By Pat Works
The Origins of Parachuting/Skydiving Competitions Go Back a Long Way
The origins of parachuting and competition go back a long way. The first well-documented parachute jump is considered to have been performed by Frenchman Jacques Garnerin, who jumped from his balloon on October 22 1797 in Paris, from an altitude of some 600 m. Throughout the 19th century, these jumps remained spectacles that fitted perfectly into the programmes of the frequent aerial festivals, at which dare-devil balloonists tried to outdo one another’s stunts, to the great delight of the onlookers. Sometime later, very soon after the advent of the aeroplane, experimental parachute jumps were executed from heavier-than-air machines. Then, after the First World War, the invention of the manual ripcord enabled American Leslie Irvin to make the first freefall jump, on April 28 1919 at McCook Field in Ohio.
The USSR was the leader in the field of parachuting as a sport in its early days. In the 1930s, competitions for landing accuracy were already being organized on Soviet territory, and many training units were being developed. As can be imagined, the War boosted even further the “popularity” of the parachute, which was widely used from 1939 to 1945, both as a safety device and as a military tool. It was no doubt this dimension – anything but sportsmanlike – that incited the FAI to set the discipline aside when it resumed its activities in 1946.
In 1951, the FAI approved its first parachuting records. They were set by a Frenchwoman, Monique Laroche, making the highest jump with “delayed opening” from 4,235 m and a freefall of 3,622 m. By the following year, Soviet parachutist Seliverstova had attained a distance of 8,326 m in freefall, proving that women were in the forefront in this new sport. 1951 also saw the first world parachuting championships taking place in Lesce-Bled, thanks to the pioneering efforts of the Aero-Club of Yugoslavia. Since then, world championships have been organized every year, with the disciplines alternating.
In the beginning of the nineties, some skydivers were experimenting with different freefall positions. These were based on maneuvers taken from acrobatics and ice-skating. At approximately the same time, others were trying to jump with surfboards tied to their feet. Both activities captured the attention of the media and local organizations stepped in to organize competitions. The World Freestyle Federation created a set of competition rules and organized championships under their auspices.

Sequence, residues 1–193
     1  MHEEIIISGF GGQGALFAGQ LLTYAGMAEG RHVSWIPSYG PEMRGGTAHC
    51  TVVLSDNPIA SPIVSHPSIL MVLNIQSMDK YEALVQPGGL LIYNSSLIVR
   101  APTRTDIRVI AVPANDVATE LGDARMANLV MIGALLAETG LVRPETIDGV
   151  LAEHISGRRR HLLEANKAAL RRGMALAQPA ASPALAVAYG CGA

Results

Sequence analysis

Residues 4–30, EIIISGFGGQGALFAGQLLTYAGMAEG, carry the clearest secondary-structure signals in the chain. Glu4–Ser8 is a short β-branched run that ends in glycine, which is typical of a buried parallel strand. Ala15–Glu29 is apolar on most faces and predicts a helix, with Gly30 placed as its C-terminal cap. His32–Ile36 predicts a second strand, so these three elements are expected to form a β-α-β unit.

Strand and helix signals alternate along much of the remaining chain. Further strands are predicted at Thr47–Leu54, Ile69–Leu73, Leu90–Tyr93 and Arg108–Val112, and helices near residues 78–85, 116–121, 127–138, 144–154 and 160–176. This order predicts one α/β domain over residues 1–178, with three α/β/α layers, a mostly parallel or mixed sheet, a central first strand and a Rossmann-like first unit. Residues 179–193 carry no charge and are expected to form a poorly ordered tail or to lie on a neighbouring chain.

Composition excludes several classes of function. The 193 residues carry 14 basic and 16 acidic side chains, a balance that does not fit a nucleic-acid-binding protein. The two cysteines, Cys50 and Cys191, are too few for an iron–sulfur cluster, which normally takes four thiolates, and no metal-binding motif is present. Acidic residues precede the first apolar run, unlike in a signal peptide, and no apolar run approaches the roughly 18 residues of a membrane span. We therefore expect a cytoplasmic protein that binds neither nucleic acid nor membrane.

In 1994, the FAI Parachuting Commission (IPC) established a working group in order to incorporate freestyle into their activities. This resulted, the following year, in the creation of the IPC committee for freestyle. Another year later, skysurfing was included. Rules were established by the IPC and the 1st World Cup and 1st World Championships of freestyle and skysurfing were held in Efes, Turkey, in 1996 and 1997 respectively.
Freeflying is the latest artistic event and the only one that incorporates all dimensional axes during the freefall part of a parachute jump. First tried by Olav Zipser, he soon found that many people wanted to do the same he did: to be able to control your body and enjoy the sky in all possible positions. The most popular position though is the so called "head-down" position. Jumpers fall with their head towards the earth, seeing the whole world upside down.
Needless to say, this is more difficult than it sounds as the most relaxed freefall position puts you on your belly. Soon after freeflying was invented, people started to compete. Several formats were tried by various organizers. After some years freeflying was incorporated into the IPC in the committee which by had now changed its name to "artistic events". With freeflying on the rise, skysurfing on a competition scale diminished and was retired in 2009. On the other hand, a World record category for biggest head-down freefall formation had already been established.
Artistic Events consist of a series of compulsory and free routines performed during 7 skydives. Teams consist of 1 or 2 performers and a camera flyer. The freefall images of the camera flyer are used for judging the performances. All two events show a wide variety of skills, using axes in all three dimensions. Judging criteria are separated in technical and presentation items.